A collection of four novels from the New York Times–bestselling, Edgar Award–winning mystery series starring a rabbi in a tiny New England town.
Spend a long weekend with the scholar and spiritual leader who watches over the Jewish community in 1960s Barnard’s Crossing, Massachusetts—and in his spare time, solves crimes.
Friday the Rabbi Slept Late: A young nanny is found dead in the temple parking lot—and her purse is discovered in Rabbi David Small’s car. Now he has to collaborate with the local Irish-Catholic police chief to exonerate himself.
Saturday the Rabbi Went Hungry: Yom Kippur, the holiest day on the Jewish calendar, is defiled when a body is found—and the rabbi must uncover who has something to atone for.
Sunday the Rabbi Stayed Home: When Passover is overshadowed by congregational politics and a murder at a local university, the rabbi must study the clues.
Monday the Rabbi Took Off: Rabbi Small journeys to Israel for a bit of peace, but instead has to team up with an Orthodox cop to unravel a bombing case.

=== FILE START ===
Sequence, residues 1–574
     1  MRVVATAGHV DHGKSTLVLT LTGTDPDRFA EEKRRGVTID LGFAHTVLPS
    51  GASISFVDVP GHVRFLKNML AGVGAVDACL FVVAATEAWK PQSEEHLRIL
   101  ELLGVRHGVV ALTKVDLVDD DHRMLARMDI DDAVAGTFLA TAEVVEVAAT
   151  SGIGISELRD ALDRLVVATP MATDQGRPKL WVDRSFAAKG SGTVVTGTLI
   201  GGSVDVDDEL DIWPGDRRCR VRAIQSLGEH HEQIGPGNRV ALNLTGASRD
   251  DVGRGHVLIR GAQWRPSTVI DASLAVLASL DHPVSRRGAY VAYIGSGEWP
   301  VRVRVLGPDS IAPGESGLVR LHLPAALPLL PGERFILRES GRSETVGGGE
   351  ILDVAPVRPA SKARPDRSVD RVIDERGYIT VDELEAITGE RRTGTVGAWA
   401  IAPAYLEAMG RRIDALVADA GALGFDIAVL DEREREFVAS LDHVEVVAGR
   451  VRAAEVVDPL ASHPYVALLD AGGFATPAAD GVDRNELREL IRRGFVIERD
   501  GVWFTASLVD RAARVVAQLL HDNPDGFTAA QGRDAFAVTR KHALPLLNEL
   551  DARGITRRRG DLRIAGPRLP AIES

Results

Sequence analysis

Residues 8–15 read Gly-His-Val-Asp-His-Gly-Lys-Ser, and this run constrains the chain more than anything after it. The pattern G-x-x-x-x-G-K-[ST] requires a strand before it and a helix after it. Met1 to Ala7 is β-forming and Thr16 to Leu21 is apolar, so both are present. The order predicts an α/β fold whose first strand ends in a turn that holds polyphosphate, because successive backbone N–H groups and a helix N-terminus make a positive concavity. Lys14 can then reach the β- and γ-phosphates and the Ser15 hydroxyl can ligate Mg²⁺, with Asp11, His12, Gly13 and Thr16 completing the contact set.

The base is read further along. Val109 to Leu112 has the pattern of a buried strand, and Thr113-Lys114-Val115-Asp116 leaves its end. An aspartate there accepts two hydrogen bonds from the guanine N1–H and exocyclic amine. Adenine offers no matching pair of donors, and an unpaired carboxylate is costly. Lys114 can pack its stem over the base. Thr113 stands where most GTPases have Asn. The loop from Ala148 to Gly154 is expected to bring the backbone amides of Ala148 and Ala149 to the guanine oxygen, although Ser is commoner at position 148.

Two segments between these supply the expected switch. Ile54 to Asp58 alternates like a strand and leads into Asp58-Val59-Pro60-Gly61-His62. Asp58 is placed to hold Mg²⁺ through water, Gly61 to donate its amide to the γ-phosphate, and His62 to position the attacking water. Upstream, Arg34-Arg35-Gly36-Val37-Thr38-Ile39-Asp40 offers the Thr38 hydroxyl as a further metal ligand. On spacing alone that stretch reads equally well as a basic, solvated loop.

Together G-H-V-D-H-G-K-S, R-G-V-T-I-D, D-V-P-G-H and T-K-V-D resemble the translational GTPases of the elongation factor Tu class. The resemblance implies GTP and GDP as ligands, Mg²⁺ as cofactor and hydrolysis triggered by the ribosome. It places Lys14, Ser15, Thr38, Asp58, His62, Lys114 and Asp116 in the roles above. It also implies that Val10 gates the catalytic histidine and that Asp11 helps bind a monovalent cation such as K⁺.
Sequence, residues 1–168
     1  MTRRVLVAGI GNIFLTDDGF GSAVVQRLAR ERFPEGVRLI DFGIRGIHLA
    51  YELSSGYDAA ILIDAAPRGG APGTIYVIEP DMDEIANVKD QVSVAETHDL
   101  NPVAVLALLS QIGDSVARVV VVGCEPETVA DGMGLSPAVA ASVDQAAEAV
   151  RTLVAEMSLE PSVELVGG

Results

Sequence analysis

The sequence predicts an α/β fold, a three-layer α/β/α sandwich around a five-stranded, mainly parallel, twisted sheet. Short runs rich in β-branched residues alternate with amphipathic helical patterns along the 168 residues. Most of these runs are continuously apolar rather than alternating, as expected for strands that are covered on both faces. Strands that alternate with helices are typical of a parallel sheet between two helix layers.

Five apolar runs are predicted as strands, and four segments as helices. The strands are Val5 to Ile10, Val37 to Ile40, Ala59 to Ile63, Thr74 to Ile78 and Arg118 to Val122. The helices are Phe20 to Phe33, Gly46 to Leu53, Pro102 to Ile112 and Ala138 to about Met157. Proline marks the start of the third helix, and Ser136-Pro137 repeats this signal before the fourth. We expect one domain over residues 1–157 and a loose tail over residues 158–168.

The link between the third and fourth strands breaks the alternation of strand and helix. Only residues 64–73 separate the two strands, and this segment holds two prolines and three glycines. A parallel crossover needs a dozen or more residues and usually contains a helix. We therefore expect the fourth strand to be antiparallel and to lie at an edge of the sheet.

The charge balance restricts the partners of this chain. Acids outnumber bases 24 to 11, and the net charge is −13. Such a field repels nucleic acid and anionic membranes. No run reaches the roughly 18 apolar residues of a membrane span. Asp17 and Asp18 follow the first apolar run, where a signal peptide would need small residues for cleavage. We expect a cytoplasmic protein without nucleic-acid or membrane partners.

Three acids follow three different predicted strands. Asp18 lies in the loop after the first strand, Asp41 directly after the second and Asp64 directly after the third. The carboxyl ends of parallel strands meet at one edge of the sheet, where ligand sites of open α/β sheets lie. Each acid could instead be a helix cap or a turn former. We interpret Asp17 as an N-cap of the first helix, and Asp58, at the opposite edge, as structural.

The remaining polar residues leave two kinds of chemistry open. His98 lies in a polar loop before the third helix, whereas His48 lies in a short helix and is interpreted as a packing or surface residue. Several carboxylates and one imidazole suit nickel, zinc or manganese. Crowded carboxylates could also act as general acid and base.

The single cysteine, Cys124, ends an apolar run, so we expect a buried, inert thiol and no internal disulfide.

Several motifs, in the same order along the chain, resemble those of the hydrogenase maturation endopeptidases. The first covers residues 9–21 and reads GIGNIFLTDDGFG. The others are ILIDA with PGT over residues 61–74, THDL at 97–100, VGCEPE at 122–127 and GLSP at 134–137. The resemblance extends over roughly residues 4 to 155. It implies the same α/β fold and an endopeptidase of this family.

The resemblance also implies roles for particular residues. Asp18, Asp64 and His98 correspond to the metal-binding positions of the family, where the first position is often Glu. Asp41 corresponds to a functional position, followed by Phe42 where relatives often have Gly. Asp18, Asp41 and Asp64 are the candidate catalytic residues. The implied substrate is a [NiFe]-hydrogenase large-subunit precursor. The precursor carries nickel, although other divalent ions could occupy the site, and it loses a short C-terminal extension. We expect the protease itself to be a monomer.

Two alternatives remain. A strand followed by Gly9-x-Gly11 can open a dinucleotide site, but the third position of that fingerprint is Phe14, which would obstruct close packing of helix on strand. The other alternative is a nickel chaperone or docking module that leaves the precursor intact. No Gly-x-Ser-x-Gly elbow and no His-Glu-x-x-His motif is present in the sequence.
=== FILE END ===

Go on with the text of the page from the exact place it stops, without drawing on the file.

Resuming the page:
Don’t miss these four mystery novels featuring an amateur detective who uses Talmudic logic—an introduction to the multimillion-selling series that provides both “an eye-opening snapshot of a particular time in Jewish-American history” and delightfully entertaining whodunits (Los Angeles Review of Books).
Harry Kemelman (1908–1996) was best known for his popular rabbinical mystery series featuring the amateur sleuth Rabbi David Small. Kemelman wrote twelve novels in the series, the first of which, Friday the Rabbi Slept Late, won the Edgar Award for Best First Novel. This book was also adapted as an NBC made-for-TV movie, and the Rabbi Small Mysteries were the inspiration for the NBC television show Lanigan’s Rabbi. Kemelman’s novels garnered praise for their unique combination of mystery and Judaism, and with Rabbi Small, the author created a protagonist who played a part-time detective with wit and charm. Kemelman also wrote a series of short stories about Nicky Welt, a college professor who used logic to solve crimes, which were published in a collection entitled The Nine Mile Walk.
Aside from being an award-winning novelist, Kemelman, originally from Boston, was also an English professor.